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MDA Technologies 4/2015

MDA Technologies 4/2015

New option: variable

New option: variable flow vane pump Dr.-Ing. Gerd Scheffel, Dr.-Ing. Roland Bublitz The variable-speed hydraulic pump, with its potential for energy savings, power density and temporary noise reduction, is currently the dominant pressure supply system in the media. Variable flow vane pump provide even more advantages. Promotions for the variable-speed pump like to suggest that standalone individual drives are the future for hydraulics. Electrohydraulic actuators have their uses, of course, but it is important to remember that electric motors, and their converters, are what make electromechanical drives so costly. Each drive needs a fixed motor, which makes the drive large and expensive. If this principle is applied to hydraulics, it restricts the choice of appropriate pumps to those variants that are suitable for fourquadrant operation. This limits options and increases costs as well. The multiple use of the electric motor in the central supply, together with the large range of suitable two-quadrant pumps (pumps in which the P- and T-attachments on the pump remain in place unchanged, regardless of the direction of flow; that is, the high pressure is always on P, and T is always connected to the tank), provide good economic arguments in favor of hydraulics as opposed to electromechanical systems. Because the central supply is connected to the drive with pipes and hoses – this is why hydraulic drives are often so compact – the power can be fed around any corner. 01 Options for varying flow rate Authors: Dr.-Ing. Gerd Scheffel, Industrial Applicatons Engineerng Manager, Hydraulics Group Europe in Kaarst Dr.-Ing. Roland Bublitzist, Industrial Applications Engineering Manager, Hydraulic Controls Division Europe in Kaarst When marrying hydraulic pumps with electric motors, one has to take into account the behavior of each system, as determined by its construction type, with respect to its hydraulic, electrical and mechanical characteristics. A variable hydraulic flow can be created with an adjustable-flow pump, a fixeddisplacement pump on a variable-speed electric motor, or a combination of both: a variable-flow pump on a variable-speed electric motor (Figure 1). Studies so far suggest that the last of these is the most energy-efficient combination, but also the most expensive. With smaller flow rates in particular, this expense cannot be justified, and it is preferable to adopt more economical solutions involving fixeddisplacement pumps. The long-established option of a variable-flow pump on a constant-speed asynchronous motor is almost unanimously considered to be the benchmark solution. Characteristics of electric machines Among electric motors, the asynchronous motor was essentially designed to permit an automatic start without electronics on a three-phase supply. As a result of the motor’s construction, it couples relatively loosely with the rotating field (slow speedchange), and rotates at a speed determined by the number of poles in the stator and the mains frequency; e.g., at 3,000 rpm with a 50 Hz 2-pole supply, at 1,500 rpm with a 4-pole supply, and at 1,000 rpm with a 6-pole supply. If a frequency converter is installed, the rotation speed of the asynchronous motor can be adjusted from zero to almost double the rated speed attainable on the grid without a converter. Above the rated speed, however, in the so-called fieldweakening range, motor torque decreases quadratic with the rotation speed. Whether the lower rotation speed can be used depends on the type of engine cooling. In selfcooled engines, cooling capacity decreases with rotation speed (the fan turns at the speed of the motor). To achieve a very low rotation speed over a longer period of time, therefore, external cooling (a self-propelled fan) is necessary. For cost reasons, asynchronous motors generally come without sensors; that is, they operate without speed feedback. If the motor is to be operated at rotation speeds under 50 rpm, however, the use of speed feedback is recommended. There are also asynchronous motors that are designed differently from IEC or “standard” motors in order to achieve better dynamics with a smaller rotor diameter (the “main spindle drive” design). These motors have a rectangular flange and are longer at the same power rating. Many of these motors are fitted with encoder feedback, and are therefore also known as asynchronous servo motors. The synchronous motor cannot run by itself on a three-phase supply, and needs a frequency converter to do so. The rotor is fitted with permanent magnets, and is therefore coupled very firmly with the rotating field of the stator. The speed range is often greater than with standard asynchronous motors, and the dynamics are considerably better. Because no induction is needed in the rotor, power dissipation is lower, thus reducing heating of the motor. Electric motors can achieve considerably higher rotation speeds than most hydraulic pumps. When choosing a motor, therefore, it is important to consider the usability of the rotation speed. The rotation speed of hydraulic pumps is restricted by noise 44 MDA Technologies 4/2015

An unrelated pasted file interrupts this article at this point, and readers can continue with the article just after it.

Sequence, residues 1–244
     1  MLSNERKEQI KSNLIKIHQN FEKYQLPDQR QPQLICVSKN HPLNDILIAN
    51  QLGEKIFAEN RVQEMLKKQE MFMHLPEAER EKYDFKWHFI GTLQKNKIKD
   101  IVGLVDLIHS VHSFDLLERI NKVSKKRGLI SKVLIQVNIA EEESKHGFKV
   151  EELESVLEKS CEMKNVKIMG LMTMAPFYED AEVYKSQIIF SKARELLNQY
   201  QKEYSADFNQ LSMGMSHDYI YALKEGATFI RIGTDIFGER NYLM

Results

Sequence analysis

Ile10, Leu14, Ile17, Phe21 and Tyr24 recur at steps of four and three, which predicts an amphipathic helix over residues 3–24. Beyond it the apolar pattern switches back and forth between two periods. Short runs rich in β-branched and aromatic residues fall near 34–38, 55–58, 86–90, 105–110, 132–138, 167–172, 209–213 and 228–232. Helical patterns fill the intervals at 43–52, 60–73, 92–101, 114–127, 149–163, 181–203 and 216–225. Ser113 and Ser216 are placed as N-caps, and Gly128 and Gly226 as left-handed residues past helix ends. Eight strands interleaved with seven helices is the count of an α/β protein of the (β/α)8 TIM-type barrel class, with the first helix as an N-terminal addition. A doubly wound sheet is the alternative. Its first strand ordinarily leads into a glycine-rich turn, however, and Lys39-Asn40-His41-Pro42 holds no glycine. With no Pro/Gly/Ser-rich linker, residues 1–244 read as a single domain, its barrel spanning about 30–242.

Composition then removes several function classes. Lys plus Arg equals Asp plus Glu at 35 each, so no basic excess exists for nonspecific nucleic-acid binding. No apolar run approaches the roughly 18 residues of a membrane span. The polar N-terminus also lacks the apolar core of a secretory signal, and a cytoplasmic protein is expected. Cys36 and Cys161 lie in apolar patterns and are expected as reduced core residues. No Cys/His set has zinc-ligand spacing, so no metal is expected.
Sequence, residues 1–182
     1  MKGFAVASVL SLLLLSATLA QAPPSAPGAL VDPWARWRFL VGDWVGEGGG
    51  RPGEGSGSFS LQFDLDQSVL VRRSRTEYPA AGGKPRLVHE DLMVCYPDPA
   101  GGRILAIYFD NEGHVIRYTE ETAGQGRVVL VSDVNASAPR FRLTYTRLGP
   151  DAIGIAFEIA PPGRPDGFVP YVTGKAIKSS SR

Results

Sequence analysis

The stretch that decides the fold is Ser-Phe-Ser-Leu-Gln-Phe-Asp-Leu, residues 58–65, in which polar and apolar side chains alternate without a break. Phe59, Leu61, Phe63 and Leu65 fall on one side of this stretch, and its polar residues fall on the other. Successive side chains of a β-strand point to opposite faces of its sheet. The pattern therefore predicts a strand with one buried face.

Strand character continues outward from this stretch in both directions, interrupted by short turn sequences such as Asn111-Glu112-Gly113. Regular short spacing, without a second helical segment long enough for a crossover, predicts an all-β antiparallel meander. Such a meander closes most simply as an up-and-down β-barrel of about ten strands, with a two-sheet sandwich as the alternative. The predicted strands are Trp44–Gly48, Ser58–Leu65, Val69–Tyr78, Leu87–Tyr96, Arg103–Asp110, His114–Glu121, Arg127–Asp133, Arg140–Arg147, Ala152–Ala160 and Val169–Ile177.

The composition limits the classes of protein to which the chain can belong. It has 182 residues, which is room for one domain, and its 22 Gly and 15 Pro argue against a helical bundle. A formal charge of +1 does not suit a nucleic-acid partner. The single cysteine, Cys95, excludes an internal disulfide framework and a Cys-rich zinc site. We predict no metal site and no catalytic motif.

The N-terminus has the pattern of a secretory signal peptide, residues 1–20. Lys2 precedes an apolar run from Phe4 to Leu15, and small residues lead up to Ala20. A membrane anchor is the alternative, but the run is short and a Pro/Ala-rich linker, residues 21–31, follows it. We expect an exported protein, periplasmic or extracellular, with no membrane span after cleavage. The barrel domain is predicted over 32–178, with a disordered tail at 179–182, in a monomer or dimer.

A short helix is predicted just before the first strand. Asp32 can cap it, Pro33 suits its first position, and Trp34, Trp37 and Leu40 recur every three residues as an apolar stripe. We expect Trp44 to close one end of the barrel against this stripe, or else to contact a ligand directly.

DRIVE TECHNOLOGIES characteristics, centrifugal forces and suction capacity. These restrictions are particularly clear with electric drives on a 60 Hz grid and with diesel drives. Small pumps reach their limits at around 3,000 rpm, and large pumps at around 2,000 rpm, if they are self-primed. Pumps with adjustable rotation speed An adjustable pump can vary the flow rate very quickly; e.g., by adjusting the pivoting angle at a fixed rotation speed. With a fixeddisplacement pump on a variable-speed electric motor, the rotation speed of the electric motor unit as a whole must be adjusted with a hydraulic pump coupled with the motor. The torque, which will change very quickly as a result of this adjustment, must be transmitted through all hydraulic components of the pump that lie in the power flux (Figure 2). Pumps with an adjustable rotation speed must satisfy requirements and operating conditions that do not arise under operating conditions with a fixed drive speed. An axial piston pump of the swashplate type is ill-equipped for a rapid change in speed: the torque is transferred in the motor via the oscillating pistons through short contact lines to the piston barrel. This restricts the rotation adjustment speed, and hence the dynamics. Thus, the high dynamics of a synchronous motor cannot be used, because the mechanical components of the hydraulic pump cannot transfer them. For this reason, pivot-adjustable piston pumps, both with fixed and with variable rotation, mostly run on a cheaper asynchronous motor, and the dynamics are created by adjusting the pump. The alternative to the swashplate piston motor is the fixed-displacement bent-axis piston motor. The shaft torque in some designs is transferred to the piston barrel through mechanical coupling; e.g., through two gears in mesh. The pistons move without being subject to shear forces, and this design is therefore very suitable for rapid speed change. This machine shows particular mechanical robustness when the motor is in operation, as it operates with rotation speeds of up to 14,000 rpm. The internal gear pump, which currently dominates the field in variable-speed pumps, has two interlocking gears in mesh. This is useful for transferring a rapid speed change, such as the kind that occurs in pressure control, between the rotating/moving parts in a mechanically sound way. Just like the internal gear pump, the external gear pump is very well-suited to rapid speed changes on a synchronous motor. Because of its larger pressurized surfaces, however, it is less favorable in the resulting bearing forces it creates, which reduce the maximum pressure and create a higher level of friction, particularly at low rotation speeds. There are numerous pumps on the market that have helical gears for noiserelated reasons. Advantages of vane pumps Another pump that is very suitable for internally transferring the varying levels of torque is the vane pump. In this pump, large-surface vanes occupy slots in the rotor. The torque is transferred not through linear contact, but through full-area contact of the vane with the rotor, which makes this design particularly robust. The hydraulically balanced vanes, which are pressed onto the external curved path by centrifugal force, are also spring-loaded, which ensures contact with the external curved path even at lowest rotation speeds. Two opposing pump chambers balance the hydraulic load 02 Combinations of electric motors and hydraulic pumps fully, so bearings are not needed to carry the load, but only to guide the shaft. As a result, the pump rotor can also be operated directly from the extended shaft end of an electric motor. This means that the shaft bearing, the bell housing and the coupling are not required, which results in a firmer coupling of the pump with the electric motor. This not only shortens the overall length of the unit as a whole, but also reduces its inertia and prevents torsional vibrations as a result of the elasticity of the coupling, which permits a high level of dynamics. The vane pump is suitable for various fluids, as it has no roller- or ball-bearings in the liquid. Because of the bearing-free installation of the pump cartridge, in cases of repair it can easily be replaced with a built-in pump by loosening the four screws on the cover (Figure 3). The use of variable-speed pumps enables control of flow rate and pressure directly through the pump rotation speed. Pressure control, in particular, imposes different requirements on the pumps. Thus, depending on the application, it may be necessary MDA Technologies 4/2015 45